Still, the novel does not neutralize the threat its protagonist poses as an anarchist revolutionary. In a discussion of “propaganda by deed,” Meredith takes on a crucial issue of dynamite narrative: she attempts to make sense of the modern crime of terrorism, typically represented in dynamite fiction as so utterly random and purposeless that it is nearly impossible to understand as a “crime” at all. Meredith positions herself as an interpreter, a figure on the periphery between anarchism and “normal” society. A “normal man,” she says, is “morally incapable of judging” fanatical anarchists because he “cannot grasp their motive, their point of view” (187). She attempts to explain that point of view, arguing that there is something “terribly, if pervertedly, logical” in a dynamiter's reasoning: “Earnest thought and reflection told him that if any section of society suffered, then society at large was guilty: all the thoughtless, all the indifferent members of society were equally responsible for its abuses” (189). The dynamiter, in other words, believes that “society at large” is responsible for poverty and oppression; it is from here that the dynamiter comes to advocate random violence: “Society at large is guilty; society at large must suffer. Society is fairly well represented by the mixed crowd in a café. I will attack this crowd indiscriminately” (189–90). Meredith rejects such logic and stresses that the vast majority of anarchists also reject it, but insists that a dynamiter believes he is “performing his duty according to his own lights just as much as a soldier when he obeys orders and fires on the enemy” (189). In comparing a dynamiter to a soldier, she reminds her audience that state-sanctioned violence also occasions civilian casualties, “collateral damage,” and the death of innocent bystanders.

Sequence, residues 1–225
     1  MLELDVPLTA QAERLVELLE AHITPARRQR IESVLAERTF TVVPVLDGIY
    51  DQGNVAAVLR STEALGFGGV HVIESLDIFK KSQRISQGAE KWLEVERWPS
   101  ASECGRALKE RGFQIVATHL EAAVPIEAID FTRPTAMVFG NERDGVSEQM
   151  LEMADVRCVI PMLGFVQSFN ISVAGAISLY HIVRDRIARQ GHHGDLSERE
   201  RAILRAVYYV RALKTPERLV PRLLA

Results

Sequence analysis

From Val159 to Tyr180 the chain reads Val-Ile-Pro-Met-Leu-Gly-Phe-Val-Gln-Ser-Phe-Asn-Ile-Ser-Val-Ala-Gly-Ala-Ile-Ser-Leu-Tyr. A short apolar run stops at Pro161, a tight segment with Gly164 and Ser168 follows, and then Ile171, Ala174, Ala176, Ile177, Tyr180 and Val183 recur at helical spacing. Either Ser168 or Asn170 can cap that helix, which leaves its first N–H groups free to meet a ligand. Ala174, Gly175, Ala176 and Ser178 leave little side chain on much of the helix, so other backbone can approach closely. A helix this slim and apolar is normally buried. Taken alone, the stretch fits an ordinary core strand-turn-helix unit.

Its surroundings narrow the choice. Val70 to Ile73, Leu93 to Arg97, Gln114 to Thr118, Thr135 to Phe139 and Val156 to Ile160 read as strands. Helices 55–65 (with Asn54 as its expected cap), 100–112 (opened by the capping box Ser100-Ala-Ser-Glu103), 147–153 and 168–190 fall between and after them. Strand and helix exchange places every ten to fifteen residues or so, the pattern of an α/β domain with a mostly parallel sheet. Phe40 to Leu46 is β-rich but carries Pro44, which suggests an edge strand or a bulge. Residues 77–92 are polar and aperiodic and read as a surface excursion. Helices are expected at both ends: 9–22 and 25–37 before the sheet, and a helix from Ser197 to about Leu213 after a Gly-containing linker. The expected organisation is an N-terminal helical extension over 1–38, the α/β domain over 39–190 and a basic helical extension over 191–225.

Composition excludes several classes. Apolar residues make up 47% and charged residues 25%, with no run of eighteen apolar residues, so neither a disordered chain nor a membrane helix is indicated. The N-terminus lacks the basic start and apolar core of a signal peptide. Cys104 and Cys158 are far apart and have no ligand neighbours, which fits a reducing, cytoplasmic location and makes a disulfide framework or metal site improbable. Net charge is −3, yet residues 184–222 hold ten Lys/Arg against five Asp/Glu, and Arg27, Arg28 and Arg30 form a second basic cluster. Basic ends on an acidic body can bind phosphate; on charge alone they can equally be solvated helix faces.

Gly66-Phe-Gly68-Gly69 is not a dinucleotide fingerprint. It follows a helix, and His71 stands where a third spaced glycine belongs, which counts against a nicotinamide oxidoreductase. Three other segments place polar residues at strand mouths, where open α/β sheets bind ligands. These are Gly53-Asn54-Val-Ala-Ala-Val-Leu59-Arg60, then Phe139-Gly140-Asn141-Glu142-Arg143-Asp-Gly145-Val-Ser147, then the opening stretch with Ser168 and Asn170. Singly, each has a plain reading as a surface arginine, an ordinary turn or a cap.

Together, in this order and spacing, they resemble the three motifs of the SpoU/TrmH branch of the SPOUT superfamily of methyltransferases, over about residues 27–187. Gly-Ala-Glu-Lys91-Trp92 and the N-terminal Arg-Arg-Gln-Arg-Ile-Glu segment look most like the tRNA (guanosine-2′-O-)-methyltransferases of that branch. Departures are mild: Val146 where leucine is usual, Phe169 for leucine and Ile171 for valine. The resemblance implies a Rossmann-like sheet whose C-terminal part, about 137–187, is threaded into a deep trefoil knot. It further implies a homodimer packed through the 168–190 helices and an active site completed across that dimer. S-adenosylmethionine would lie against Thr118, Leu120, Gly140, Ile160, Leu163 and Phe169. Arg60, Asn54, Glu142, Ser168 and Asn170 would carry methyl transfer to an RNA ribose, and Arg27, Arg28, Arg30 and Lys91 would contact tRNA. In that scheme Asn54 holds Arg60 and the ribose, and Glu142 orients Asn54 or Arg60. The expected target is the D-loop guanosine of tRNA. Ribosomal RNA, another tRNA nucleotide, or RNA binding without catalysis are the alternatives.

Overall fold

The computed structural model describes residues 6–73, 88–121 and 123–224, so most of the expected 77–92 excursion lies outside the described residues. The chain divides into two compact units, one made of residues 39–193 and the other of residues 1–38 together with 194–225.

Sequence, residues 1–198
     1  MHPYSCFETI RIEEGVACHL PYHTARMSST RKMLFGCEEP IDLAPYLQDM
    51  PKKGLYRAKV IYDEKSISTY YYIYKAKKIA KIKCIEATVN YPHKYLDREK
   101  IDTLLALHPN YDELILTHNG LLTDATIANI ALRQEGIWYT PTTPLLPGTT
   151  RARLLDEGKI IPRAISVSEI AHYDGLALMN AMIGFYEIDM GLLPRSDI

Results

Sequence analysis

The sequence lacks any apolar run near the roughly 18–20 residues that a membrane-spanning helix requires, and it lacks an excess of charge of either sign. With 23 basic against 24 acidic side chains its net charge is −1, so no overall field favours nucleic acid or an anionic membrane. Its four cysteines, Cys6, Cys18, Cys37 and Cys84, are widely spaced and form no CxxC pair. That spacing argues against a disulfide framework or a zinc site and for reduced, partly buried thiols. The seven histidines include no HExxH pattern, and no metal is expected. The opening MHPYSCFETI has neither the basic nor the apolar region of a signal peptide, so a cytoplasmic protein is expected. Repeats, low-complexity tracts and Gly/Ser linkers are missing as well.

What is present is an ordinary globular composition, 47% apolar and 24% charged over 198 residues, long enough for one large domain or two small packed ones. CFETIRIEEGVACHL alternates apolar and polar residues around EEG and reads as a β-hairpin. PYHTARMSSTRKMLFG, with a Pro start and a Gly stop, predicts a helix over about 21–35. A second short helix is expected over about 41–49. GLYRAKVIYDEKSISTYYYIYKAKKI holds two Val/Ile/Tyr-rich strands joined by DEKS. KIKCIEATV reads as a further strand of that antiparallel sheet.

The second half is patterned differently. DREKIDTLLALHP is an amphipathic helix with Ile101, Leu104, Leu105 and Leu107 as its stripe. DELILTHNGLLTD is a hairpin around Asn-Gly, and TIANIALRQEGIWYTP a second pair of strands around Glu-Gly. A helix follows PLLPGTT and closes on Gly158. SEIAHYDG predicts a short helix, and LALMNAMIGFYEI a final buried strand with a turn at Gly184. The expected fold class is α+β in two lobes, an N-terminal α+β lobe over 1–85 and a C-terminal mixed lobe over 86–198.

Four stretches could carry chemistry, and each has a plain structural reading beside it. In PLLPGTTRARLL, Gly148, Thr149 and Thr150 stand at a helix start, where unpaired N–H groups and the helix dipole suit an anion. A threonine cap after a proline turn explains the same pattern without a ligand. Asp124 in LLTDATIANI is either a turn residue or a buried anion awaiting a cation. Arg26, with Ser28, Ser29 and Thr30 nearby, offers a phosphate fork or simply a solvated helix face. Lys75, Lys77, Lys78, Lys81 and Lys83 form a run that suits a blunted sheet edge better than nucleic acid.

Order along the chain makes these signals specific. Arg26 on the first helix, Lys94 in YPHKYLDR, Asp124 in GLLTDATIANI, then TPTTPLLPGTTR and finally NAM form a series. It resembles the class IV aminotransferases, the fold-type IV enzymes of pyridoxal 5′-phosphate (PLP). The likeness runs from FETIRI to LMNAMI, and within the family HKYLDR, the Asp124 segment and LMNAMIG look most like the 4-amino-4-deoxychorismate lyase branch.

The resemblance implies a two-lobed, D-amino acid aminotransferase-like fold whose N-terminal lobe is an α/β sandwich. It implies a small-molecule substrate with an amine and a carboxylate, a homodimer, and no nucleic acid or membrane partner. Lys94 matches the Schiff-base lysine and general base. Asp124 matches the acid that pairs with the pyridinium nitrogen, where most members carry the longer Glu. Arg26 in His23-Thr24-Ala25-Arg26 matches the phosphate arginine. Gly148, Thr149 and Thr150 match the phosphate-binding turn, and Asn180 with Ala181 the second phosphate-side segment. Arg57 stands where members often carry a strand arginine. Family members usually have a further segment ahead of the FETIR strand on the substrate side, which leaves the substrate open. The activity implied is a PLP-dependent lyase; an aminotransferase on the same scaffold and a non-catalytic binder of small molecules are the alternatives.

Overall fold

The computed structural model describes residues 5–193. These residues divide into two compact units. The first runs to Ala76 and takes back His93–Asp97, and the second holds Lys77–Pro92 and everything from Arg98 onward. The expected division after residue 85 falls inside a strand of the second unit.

Much of the outrage about dynamite terrorism in late-Victorian London, of course, had to do with its seemingly indiscriminate victimization. On 24 January 1885, Fenian dynamiters set off near-simultaneous explosions in the Tower of London, the Houses of Parliament, and Westminster Hall, as I discuss in chapter 4. No one was killed, but several tourists and sightseers were severely injured. An article on the attack in the Times reported: “To inspire terror is with the Irish-American enemies of England … both an end in itself and a means to other ends. It gratifies a malignity of temper which has been festered till it has become a ruling passion.” The author can only understand such random violence by imagining the Fenians as independent actors with independent failings, a “malignity of temper.” He cannot view them as acting within a more generalized colonial conflict. A Fenian, the article states, “chuckles at the infliction of pain and fear upon men, women, and children absolutely disconnected with and many of them literally ignorant of, the so-called ‘wrongs of Ireland.’” He “sweeps them at random into the meshes of his murderous plot” (“London”). The fact that “women and children,” in particular, could be victims of dynamite bombs seemed a violation of the rules of civil engagement; thus “innocent women and children” are evoked ad nauseam in mainstream newspaper accounts of dynamite terror.35